top of page

Daily Prayer: Not just an ancient tradition… A way to be part of God’s loving, liberating, live-givi

During the height of the storm, as Hurricane Michael was passing through our diocese, there were 28 people from Episcopal churches all over the country gathered in my living room to pray for you all…virtually, but powerfully. I’d like for you to know how to do that too for whatever storms, joys or sorrows come your way from day to day.

I’ve been praying the daily office over the past 30 years...sometimes with a group of people in a seminary chapel where it was required of me as a either a seminarian or a faculty member; sometimes with my husband George in the morning or my young children in the evening; sometimes by myself sitting on the coach or listening a recording of others praying it while I drive to work; sometimes I use the Book of Common Prayer, and sometimes I use websites where it’s all organized and ready for me to just scroll through; but most of the time these days I join a live online congregation to pray together.

Why do I do that? I learned as a teenager attending an Episcopal church that, good Lord, I needed to pray to survive!...I literally wasn’t going to make it through any single day of my life without knowing that I was connected to God and to other people outside my limited family; I was desperate for some way of knowing in the difficult moments in all hours of the day and night that I was not alone and left to my own devices! So I had tried various ways of “freelancing” my prayer that I still practice today: Help! Thanks! Wow! But I’ve found over the past 40 years of trying that approach that while that is essential, it also isn’t enough...I need something more.

We pray because it brings us closer to God. But why would we need to pray the Daily Office? Because while there are many ways to pray, including our own individual cries to God of joy and sorrow and need, those prayers are intensely personal. However we are made in the image of a triune God for relationship, for community, and that means we need that kind of corporate, communal, relational closeness with God and others more than just once a week on Sunday. We need that every day! The Office is an ancient way to pray that gathers up all our prayers so that we can pray together. From monasteries to churches to private homes, people have been praying the Daily Office for thousands of years and know that they are supported, surrounded, and encouraged by each others’ prayers.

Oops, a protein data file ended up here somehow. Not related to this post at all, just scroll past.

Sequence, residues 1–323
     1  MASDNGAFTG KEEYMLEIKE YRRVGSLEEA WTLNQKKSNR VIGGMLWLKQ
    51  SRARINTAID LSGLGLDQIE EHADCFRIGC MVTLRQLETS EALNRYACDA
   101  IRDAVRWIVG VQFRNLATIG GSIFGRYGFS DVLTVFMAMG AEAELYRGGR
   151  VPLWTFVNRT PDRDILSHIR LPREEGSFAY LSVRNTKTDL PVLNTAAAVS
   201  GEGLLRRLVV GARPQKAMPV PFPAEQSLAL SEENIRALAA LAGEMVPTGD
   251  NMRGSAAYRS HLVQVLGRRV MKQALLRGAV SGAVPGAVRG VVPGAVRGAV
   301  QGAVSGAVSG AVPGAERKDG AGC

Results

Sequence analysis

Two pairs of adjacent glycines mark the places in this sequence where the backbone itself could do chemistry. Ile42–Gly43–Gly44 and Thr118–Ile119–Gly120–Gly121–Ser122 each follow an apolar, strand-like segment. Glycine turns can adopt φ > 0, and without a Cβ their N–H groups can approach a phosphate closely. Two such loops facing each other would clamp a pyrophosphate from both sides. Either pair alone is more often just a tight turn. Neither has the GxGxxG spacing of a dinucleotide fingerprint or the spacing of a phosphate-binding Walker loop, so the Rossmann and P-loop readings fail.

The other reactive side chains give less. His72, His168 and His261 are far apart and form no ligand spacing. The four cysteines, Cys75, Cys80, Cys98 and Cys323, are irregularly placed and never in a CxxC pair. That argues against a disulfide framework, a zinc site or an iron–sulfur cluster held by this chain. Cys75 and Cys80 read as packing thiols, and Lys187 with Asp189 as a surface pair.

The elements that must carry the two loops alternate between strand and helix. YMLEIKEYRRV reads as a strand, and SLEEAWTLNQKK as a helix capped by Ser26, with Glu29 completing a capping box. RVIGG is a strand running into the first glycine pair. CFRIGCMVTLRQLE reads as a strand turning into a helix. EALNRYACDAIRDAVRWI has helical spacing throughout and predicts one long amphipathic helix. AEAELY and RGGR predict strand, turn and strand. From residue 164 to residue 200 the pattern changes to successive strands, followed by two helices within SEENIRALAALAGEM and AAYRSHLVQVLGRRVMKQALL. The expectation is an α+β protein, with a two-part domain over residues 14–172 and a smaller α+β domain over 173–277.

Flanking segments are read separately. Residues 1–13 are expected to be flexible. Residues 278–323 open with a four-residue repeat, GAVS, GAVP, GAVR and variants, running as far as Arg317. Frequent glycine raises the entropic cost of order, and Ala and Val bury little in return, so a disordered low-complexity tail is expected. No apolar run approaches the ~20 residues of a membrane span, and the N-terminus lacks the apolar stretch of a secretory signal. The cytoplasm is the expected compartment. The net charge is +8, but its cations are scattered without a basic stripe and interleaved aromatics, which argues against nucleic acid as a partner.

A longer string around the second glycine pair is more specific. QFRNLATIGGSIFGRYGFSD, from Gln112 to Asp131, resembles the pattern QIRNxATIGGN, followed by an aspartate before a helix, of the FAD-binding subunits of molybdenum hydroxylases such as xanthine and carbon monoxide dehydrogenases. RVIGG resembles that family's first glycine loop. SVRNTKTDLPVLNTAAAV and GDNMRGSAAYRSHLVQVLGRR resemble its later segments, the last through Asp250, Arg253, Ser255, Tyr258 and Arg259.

Why is this service called an “office”? Well, it’s an old-fashioned word. Originally “office” simply meant service, not the place where a service is performed or business is conducted. “Daily office” means the service of the day. When warring countries seek “the good offices” of the Pope or the UN, they’re not asking for a room at the Vatican or the Secretariat; they’re asking for a go-between for peace. But to make peace, they need some services performed. This is the sense in which the word is used here. Office means service, not just place.

The Daily Office Network is an online congregation publishing Morning and Evening Prayer. They webcast live services almost 600 times a year and welcome 350,000 visitors every year, equaling the National Cathedral. They have their own Christian radio station and podcasts ready-on-demand. Yet they have the carbon footprint of an LED light bulb and the budget of a PTA. I count myself as one of their members, and we have members of many denominations in all 50 states and 200 countries; we are Protestant and Catholic both. We provide Episcopal services for people rural and urban, rich and poor, shut-in and on the go; we offer a safe place for those who have been alienated and abused, and we’re a great place for questions and dialogue. And we have a lot fun together, while engaging the most serious questions a person can ever face.

We invite you to drop in on one of our live services - anytime. You don’t have to speak or participate in any way; just listen to the sound of these voices.

During this Advent season and new year, you may want to pray with us, once or maybe even twice a day, every day for 30 days, and You’re Bound to Get Closer to God™ - as Josh Thomas, the Vicar of this community says: “there is no limit to what the Holy Spirit can do; that’s not a trademark, that’s a fact; people who say the Daily Office regularly gain such spiritual awareness that when we bring them together with inexpensive live-streaming technology, the results are astounding.”

Here's the link to the join us anytime, anywhere you are: and it's also available on our diocesan website at:


Recent Posts

See All
Discipleship. Development. Discernment.
bottom of page